ricklefs_lecture_ppt_ch11-2 - Rick Relyea Robert Ricklefs...

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The Economy of Nature7th editionLecture PowerPointChapter 11Population DistributionsRick Relyea · Robert Ricklefs© 2014 by W. H. Freeman and Company
Chapter 11 conceptsThe distribution of populations is limited to ecologicallysuitable habitats.Population distributions have five importantcharacteristics.Population abundance and density are related togeographic range and adult body size.Dispersal is essential to colonizing new areas.1245Many populations live in distinct patches of habitat.6The distribution properties of populations can beestimated.3
Distributions of populations1Spatial structure: the pattern of density and spacing of individuals in a population.Fundamental niche: the range of abiotic conditions (e.g., temperature, humidity, salinity) under which a species can persist.Competitors, predators, and pathogens may prevent a population from persisting in an area.Realized niche: the range of abiotic and biotic conditions under which a species can persist.Geographic range: a measure of the total area covered by a population (e.g., temperature and drought define the range of sugar maple).
Distributions of populations1We can test whether species are limited by unsuitable environmental conditions.Example:The Lewis’ monkeyflower lives at high elevations, whereas the scarlet monkeyflower lives at low elevations.When planted outside their natural elevations, the two species grew poorly and experienced lower survival.This suggests that the plants are limited by unsuitable environmental conditions.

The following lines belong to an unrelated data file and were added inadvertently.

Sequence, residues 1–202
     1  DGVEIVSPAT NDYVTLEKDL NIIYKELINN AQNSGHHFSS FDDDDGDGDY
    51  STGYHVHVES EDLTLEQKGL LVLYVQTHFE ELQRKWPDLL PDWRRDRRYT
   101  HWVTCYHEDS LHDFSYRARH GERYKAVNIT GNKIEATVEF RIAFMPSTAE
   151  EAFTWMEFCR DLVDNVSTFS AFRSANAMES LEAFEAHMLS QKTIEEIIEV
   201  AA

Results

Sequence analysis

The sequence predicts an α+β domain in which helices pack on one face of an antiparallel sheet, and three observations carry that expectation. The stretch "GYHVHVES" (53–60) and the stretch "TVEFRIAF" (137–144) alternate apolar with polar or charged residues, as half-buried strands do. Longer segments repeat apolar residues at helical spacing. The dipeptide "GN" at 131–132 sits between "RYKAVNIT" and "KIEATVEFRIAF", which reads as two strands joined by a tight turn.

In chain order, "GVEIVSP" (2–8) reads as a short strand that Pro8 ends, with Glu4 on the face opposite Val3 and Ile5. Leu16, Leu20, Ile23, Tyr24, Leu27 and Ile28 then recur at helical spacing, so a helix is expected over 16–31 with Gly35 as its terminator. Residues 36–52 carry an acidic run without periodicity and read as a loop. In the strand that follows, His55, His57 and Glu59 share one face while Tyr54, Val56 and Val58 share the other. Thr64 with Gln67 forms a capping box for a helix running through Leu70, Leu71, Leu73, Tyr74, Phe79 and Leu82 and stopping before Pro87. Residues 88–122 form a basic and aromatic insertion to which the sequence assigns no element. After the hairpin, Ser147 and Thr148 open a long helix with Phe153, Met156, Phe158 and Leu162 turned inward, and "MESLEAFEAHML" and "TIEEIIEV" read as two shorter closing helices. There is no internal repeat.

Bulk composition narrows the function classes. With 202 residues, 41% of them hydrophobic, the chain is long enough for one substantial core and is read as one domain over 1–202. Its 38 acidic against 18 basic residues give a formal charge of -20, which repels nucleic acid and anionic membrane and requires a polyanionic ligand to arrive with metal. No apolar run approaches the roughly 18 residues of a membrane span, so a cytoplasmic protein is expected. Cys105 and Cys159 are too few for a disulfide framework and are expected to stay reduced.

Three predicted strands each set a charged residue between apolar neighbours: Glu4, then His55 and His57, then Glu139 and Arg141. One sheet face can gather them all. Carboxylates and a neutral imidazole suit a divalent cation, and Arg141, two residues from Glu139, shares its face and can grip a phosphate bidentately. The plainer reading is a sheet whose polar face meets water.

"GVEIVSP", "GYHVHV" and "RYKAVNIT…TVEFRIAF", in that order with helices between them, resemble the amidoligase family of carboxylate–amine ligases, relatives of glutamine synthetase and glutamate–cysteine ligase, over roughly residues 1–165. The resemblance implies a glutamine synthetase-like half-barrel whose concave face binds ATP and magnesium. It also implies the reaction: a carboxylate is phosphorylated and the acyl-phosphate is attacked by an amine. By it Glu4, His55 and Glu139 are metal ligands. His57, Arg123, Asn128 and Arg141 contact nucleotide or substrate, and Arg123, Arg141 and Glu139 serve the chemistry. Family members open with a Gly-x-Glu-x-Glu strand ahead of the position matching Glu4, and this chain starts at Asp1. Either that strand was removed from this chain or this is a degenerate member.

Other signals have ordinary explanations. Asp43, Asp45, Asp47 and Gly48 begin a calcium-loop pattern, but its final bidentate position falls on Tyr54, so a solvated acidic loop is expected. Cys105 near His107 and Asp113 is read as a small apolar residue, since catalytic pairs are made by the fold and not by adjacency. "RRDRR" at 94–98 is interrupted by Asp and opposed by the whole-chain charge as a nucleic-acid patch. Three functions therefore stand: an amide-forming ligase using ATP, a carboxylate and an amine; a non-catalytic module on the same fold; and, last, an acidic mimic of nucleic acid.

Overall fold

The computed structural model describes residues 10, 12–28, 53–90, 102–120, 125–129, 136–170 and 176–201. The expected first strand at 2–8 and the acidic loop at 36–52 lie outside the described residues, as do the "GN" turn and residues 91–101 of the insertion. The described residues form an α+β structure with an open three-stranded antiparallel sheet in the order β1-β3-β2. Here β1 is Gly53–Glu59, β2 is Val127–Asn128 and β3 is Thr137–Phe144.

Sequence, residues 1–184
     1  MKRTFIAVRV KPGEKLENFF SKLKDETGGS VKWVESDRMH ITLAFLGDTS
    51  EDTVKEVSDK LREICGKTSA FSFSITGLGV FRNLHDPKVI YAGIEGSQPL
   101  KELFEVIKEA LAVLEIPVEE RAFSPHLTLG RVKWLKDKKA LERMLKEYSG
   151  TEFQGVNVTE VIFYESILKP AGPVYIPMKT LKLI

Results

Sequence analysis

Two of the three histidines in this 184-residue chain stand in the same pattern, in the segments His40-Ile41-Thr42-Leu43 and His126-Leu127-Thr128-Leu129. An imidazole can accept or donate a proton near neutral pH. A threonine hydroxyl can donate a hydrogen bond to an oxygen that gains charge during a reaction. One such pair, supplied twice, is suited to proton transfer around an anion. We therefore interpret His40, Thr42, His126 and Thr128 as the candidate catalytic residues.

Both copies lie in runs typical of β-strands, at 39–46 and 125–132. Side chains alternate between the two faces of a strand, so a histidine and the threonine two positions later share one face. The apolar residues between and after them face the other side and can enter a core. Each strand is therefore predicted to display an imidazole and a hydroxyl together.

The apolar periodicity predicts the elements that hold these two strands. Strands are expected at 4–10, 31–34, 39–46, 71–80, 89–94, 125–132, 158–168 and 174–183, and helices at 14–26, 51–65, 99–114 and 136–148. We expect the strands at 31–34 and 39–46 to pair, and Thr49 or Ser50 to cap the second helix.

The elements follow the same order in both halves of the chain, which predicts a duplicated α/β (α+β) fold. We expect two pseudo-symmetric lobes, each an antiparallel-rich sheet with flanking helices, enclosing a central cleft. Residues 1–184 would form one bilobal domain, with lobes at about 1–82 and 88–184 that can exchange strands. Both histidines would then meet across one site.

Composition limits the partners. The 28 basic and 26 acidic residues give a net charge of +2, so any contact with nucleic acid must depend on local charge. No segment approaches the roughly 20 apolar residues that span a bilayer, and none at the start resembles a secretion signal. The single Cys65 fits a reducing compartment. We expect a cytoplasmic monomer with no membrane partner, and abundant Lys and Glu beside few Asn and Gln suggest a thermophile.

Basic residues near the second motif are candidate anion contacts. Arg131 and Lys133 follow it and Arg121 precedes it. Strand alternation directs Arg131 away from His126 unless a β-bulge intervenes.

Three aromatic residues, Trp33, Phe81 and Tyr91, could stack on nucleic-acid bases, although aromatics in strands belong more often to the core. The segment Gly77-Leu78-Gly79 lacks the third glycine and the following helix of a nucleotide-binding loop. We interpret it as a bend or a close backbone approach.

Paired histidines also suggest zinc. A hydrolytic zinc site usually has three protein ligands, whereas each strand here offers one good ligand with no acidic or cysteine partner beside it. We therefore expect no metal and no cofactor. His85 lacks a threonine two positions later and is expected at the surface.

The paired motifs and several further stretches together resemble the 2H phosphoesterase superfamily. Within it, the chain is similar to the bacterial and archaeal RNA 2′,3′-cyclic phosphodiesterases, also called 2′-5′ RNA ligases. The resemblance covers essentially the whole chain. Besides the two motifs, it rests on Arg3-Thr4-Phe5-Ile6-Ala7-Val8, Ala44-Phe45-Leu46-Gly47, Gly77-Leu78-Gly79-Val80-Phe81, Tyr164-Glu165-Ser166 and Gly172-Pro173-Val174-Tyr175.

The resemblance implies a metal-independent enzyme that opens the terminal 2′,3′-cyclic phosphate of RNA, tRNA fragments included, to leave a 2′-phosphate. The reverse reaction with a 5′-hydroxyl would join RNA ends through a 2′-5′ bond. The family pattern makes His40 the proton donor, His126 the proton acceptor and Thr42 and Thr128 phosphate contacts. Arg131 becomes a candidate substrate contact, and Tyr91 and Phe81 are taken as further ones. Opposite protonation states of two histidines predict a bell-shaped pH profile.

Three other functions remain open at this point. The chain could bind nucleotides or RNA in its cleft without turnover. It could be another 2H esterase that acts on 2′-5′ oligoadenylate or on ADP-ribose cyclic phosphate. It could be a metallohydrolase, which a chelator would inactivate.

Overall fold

Ecological niche modeling1As a general rule, populations can grow larger in more suitable habitats.Understanding the realized niche of a species aids in species conservation and can help to limit the spread of invasive species.Ecological niche modeling: the process of determining the suitable habitat conditions for a species.Ecological envelope: the range of ecological conditions that are predictedto be suitable for a species (differs from the realized niche, which describes conditions in which a species currently exists).Predicting the potential geographic range of a species is difficult when only a few individuals exist; researchers can use historic distributions of species.
Modeling invasive species1Ecological niche modeling can predict the expansion of pest species.Example:The Chinese bushclover was brought to the United States to control erosion, provide cattle feed, and reclaim mined land.Ecologists collected data on the environmental conditions under which bushclover lived in eastern Asia.They used this data to quantify the ecological envelope of bushclover and predicted all locations to which it subsequently spread.Since bushclover has not spread to all predicted locations, other ecological factors may limit its distribution.
Effects of global warming1During the past century, the average temperature of the Earth has increased by 0.8°C.

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